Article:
The CW Takes Aim At ‘Green Arrow’

The upstart network may finally have its "Smallville" successor series... which is not a spinoff.

Blair Marnellby Blair Marnell

During the last few seasons of "Smallville," producers and executives at The CW put forth a few ideas for some follow up series. There was "The Graysons;" which would have followed Dick Grayson before he became Robin. Then there was talk of a "Raven" series based on the "Teen Titans" character and more recently, a "Deadman" show from "Supernatural" creator Eric Kripke.

Now we can add "Green Arrow" to that list as well. Deadline is reporting that The CW is finalizing a deal to produce a "Green Arrow" pilot as a precursor to a possible TV series; which is further than the other concepts got.

"Green Lantern" screenwriters Greg Berlanti and Marc Guggenheim are teaming up with Andrew Kreisberg to write and executive produce the potential series; which will simply be called "Arrow." Despite Justin Hartley's long stint portraying Green Arrow on "Smallville," he is not expected to reprise his role as Oliver Queen and the new series is reportedly an original story that is not based on the character's comic book origin.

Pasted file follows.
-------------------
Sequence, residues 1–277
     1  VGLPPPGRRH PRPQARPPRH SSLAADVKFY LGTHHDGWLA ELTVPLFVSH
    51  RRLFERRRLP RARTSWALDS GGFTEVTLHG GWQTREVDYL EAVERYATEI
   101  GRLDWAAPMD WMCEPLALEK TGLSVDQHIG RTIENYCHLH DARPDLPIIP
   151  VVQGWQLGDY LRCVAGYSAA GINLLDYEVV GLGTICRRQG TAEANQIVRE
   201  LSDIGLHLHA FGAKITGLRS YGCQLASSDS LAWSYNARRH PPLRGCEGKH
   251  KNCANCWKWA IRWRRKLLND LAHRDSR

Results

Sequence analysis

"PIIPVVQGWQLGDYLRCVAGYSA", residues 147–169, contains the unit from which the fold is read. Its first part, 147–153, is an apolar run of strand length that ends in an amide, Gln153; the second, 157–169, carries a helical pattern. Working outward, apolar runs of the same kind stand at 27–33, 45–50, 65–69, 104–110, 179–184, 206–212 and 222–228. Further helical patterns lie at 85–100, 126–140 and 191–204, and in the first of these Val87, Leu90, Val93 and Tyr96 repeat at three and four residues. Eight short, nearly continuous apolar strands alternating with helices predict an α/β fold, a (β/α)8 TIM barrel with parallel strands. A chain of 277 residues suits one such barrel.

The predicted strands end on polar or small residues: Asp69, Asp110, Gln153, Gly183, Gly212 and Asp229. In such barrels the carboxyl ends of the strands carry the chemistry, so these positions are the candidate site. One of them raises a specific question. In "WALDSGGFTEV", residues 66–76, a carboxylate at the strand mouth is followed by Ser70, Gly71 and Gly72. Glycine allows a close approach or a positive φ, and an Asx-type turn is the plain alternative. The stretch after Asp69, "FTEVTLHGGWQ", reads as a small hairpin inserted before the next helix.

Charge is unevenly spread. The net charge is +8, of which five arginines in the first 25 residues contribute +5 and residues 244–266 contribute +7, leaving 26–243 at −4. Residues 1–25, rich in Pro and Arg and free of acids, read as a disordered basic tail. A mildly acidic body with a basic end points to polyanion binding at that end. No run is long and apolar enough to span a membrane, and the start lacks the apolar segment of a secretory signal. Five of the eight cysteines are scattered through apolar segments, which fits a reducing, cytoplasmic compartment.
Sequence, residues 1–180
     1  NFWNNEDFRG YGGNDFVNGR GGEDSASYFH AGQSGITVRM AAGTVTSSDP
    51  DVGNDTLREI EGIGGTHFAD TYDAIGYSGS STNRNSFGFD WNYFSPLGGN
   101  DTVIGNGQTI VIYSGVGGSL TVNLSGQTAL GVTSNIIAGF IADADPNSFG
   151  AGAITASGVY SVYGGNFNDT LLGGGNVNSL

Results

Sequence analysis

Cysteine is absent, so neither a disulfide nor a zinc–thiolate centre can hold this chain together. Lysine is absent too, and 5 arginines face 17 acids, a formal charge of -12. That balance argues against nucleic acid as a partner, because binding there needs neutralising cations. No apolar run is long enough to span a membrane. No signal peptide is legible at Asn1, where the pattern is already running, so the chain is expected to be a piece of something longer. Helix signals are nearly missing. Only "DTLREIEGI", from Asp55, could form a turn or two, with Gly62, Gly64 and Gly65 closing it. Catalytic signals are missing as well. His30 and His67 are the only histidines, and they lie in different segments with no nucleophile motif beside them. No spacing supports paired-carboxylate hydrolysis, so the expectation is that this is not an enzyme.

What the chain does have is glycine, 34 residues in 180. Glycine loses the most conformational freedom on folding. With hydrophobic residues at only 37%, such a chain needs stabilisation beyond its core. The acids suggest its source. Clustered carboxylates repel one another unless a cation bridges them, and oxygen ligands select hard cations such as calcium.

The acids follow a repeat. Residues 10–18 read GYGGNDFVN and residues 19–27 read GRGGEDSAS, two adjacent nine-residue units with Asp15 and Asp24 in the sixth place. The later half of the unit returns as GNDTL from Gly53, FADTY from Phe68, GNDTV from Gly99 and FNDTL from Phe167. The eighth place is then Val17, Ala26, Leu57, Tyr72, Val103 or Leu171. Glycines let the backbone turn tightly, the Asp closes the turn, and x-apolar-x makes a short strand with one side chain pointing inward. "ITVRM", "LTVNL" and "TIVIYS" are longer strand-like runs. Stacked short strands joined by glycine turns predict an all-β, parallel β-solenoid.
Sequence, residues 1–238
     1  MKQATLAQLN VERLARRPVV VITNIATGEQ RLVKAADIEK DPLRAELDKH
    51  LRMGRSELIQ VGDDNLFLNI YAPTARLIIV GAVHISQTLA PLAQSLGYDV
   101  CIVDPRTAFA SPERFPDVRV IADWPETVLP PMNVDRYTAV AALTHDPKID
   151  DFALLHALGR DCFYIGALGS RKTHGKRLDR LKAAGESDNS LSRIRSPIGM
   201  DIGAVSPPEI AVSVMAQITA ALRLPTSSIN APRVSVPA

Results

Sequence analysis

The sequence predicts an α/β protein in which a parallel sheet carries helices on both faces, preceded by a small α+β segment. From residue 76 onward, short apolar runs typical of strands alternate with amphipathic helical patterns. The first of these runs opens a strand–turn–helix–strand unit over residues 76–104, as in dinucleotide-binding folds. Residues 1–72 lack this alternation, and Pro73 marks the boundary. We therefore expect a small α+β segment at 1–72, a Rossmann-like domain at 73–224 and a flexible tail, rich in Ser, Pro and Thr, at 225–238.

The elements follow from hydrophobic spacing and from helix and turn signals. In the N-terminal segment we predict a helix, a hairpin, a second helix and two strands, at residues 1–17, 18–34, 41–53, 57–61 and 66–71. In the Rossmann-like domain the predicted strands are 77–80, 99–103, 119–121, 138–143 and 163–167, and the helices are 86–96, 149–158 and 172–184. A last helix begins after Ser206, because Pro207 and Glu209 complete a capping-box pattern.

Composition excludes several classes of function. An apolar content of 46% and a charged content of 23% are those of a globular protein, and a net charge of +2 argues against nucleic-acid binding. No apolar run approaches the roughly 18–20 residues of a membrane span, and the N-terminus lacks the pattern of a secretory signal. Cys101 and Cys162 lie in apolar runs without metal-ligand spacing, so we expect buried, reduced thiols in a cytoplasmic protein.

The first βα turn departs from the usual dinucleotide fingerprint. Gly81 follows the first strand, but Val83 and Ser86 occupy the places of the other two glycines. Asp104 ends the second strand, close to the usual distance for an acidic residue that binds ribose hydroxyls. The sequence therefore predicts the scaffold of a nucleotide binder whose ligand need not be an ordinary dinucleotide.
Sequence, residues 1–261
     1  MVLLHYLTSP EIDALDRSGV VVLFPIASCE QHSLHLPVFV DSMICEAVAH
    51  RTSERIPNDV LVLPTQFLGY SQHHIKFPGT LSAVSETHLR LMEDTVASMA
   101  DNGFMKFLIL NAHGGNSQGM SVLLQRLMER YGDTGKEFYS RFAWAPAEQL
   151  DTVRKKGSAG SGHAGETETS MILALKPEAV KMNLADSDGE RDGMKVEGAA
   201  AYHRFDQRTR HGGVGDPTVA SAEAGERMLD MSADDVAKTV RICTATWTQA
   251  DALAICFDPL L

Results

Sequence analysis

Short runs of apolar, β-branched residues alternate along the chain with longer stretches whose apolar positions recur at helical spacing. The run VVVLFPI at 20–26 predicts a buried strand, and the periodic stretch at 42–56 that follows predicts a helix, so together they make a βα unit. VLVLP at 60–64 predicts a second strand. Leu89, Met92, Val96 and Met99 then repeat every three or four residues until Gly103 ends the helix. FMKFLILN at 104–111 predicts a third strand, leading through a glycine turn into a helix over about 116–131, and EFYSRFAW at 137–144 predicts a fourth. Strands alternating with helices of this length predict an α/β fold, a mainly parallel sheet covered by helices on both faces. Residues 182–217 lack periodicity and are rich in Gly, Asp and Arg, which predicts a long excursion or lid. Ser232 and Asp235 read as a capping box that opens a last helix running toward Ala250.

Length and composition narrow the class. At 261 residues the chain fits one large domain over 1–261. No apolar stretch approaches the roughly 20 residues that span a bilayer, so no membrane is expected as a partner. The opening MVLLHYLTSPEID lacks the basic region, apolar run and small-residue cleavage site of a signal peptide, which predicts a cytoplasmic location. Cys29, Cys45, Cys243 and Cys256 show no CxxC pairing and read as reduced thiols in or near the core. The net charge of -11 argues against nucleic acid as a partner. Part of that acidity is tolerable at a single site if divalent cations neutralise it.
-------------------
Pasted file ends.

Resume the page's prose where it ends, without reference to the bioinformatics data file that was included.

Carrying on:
Created by Mort Weisinger and George Papp in 1941, Green Arrow was originally a thinly veiled Batman knockoff that gradually developed into a socially conscious and distinctive super hero under the guidance of writer Denny O'Neil. 

Kreisberg previously wrote the "Green Arrow and Black Canary" comic book series for DC Comics, in addition to his stints on "The Simpsons," "Justice League," "Boston Legal" and "Fringe." Guggenheim also has a number of comic book series under his belt, including "Amazing Spider-Man," "The Flash" and "Young X-Men" in addition to co-writing a screenplay for "The Flash" alongside Berlanti.

Apparently, the "Arrow" TV pilot discussions are so far along that director David Nutter has expressed interest in helming the first episode, as he did for "Smallville" over ten years ago.

Of course, getting to the pilot stage doesn't mean that "Arrow" will go to series. Back in 2006, "Smallville" producers Al Gough and Miles Millar cast Hartley as the lead in their "Aquaman" pilot; which was ultimately turned down by the WB network.

What are your thoughts on a new Green Arrow series? Should it be called "Green Arrow" or "Arrow"? And who would you cast in the lead role? Target our comment section and share your opinions!